Friday, April 24, 2015

Sprite palette swapping with shaders in Unity

As any game developer knows, asset reuse is your friend. Whenever the design calls for a new character, I often turn to our existing assets to see if I can create what we need more quickly and cheaply than contracting out another character sprite sheet.

One method for reusing assets is to swap out the colors. RPGs have used this trick for years, and it works just as well in Hellenica.

Every sprite in Hellenica uses a relatively limited color palette. To make a new variation, we just choose a few colors in the palette and assign new colors. Here's what our friendly pirate's color palette looks like:

What I ended up doing is creating a custom shader that takes a sprite and a small palette texture (like the one above) and swaps the colors on the fly.

-- Start of the technical bit! --

Creating the palette texture is pretty straightforward, but I thought it would be interesting to explain how the shader knows which color to use when it's drawing a pixel.

One way to do this is to embed the palette indices straight into the original sprite. But that presents a tricky problem! How can I change the data stored in the image without changing how the image looks? It turns out that it's doable if you don't change too much.

Before diving in to how this works, it's important that we're on the same page regarding digital color. For the purposes of this post, all you need to know is that every displayable color can be represented as a combination of three colors: red, green, and blue, or RGB for short. If you've used a paint program, you've probably seen this before:

If the color depth is sufficiently high, changing these RGB values by very small amounts doesn't change the final color much. In our case, we're using 32-bit color depth, which means each RGB value can range from 0 to 255.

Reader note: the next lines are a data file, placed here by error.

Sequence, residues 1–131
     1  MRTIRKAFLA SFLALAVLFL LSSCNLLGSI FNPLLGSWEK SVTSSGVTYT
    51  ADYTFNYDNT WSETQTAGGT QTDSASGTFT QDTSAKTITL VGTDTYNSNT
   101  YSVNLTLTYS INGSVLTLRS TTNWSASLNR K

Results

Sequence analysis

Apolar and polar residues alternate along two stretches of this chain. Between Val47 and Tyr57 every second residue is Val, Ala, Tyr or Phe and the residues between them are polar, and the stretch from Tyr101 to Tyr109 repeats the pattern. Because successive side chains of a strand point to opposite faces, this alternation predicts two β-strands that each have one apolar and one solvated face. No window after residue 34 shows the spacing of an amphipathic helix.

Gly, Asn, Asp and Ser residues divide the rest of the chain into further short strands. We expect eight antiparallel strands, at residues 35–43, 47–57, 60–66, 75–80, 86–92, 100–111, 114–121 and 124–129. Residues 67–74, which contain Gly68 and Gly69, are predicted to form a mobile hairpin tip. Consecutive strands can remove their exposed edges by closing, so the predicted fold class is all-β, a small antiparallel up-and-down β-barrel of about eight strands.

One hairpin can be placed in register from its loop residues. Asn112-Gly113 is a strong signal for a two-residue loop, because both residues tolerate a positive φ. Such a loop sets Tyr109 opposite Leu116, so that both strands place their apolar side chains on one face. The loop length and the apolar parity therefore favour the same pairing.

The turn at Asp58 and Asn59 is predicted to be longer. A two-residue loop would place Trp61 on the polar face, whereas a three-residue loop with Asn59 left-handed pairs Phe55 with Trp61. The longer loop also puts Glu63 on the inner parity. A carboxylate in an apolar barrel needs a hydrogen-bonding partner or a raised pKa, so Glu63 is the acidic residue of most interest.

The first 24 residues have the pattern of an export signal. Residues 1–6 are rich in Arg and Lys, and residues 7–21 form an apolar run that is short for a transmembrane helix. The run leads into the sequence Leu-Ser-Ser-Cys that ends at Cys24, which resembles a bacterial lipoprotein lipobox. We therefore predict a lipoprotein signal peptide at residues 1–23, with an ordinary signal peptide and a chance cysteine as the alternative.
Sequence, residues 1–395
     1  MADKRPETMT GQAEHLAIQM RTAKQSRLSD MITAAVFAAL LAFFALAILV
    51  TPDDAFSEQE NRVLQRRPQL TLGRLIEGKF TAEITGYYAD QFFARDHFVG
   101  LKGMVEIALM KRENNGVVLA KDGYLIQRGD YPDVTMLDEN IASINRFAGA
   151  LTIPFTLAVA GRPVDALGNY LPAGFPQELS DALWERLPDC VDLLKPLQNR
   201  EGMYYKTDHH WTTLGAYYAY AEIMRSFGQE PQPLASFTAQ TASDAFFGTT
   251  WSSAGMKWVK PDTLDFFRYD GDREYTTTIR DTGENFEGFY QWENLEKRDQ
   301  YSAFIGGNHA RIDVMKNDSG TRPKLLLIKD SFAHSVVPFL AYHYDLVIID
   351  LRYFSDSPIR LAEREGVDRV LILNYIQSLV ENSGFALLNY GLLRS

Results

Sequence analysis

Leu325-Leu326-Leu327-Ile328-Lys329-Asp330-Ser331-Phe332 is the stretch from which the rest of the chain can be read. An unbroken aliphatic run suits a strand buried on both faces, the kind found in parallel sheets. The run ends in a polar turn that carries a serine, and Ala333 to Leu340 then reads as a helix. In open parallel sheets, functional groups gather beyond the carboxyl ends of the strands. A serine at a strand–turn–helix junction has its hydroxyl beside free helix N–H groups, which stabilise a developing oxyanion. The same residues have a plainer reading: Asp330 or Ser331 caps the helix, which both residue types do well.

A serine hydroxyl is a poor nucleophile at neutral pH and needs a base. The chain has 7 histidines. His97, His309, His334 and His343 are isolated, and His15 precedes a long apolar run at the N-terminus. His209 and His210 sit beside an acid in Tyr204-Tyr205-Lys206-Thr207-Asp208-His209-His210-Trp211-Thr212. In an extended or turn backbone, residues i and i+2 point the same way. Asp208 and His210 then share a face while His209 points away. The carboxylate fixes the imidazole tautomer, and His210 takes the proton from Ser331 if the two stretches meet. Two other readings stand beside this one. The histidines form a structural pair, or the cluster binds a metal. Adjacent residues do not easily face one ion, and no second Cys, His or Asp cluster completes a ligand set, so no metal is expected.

This image contains 64 different colors, but to my eye it's all the same color. You can open it up in a paint program and poke around with the eyedropper to see what I mean.

Starting with a bright red color, RGB(252, 0, 0), I generated all possible color combinations that can be made by adding 0 - 3 to each of the color channels (red, green, and blue). That's 4 * 4 * 4 = 64 combinations.

This is the approach I'm using to embed the palette index into the original sprite. Since all of our character sprites in Hellenica use fewer than 64 colors, I can safely store the palette index inside the sprite pixels without modifying the end result visually.

Here's what it looks like when I modified our pirate friend:

The pirate on the left is the original source sprite, but the pirate on the right is the sprite that I modified. Can you tell the difference?

Here's a visual breakdown of the process for storing the indices:

We support at most 64 unique colors, so that means we only need 6 bits to represent the color index. First, I split this index into three separate 2-bit values. Then I hide these in the two least significant bits of the three color channels (red, green, and blue). As you saw before, since I'm only changing the two least significant bits, the visual impact is negligible.

I put together a little editor script to generate a color palette texture from a sprite and embed the indices using this process. Then I made a shader that can pick out the index and use it to look up the actual color in the palette texture.

Putting all of this together, creating a new variation now takes about as much time as it takes to swap out some colors in Paint.

-- End of the technical bit! --

Here are some variations on our pirate friend and the associated palette textures:

Aside from simpler color swapping, this technique is also amenable to some more imaginative uses!

I'm really happy with how things turned out, and I'm sure I'll come up with more uses as the project progresses. Let me know what you think in the comments!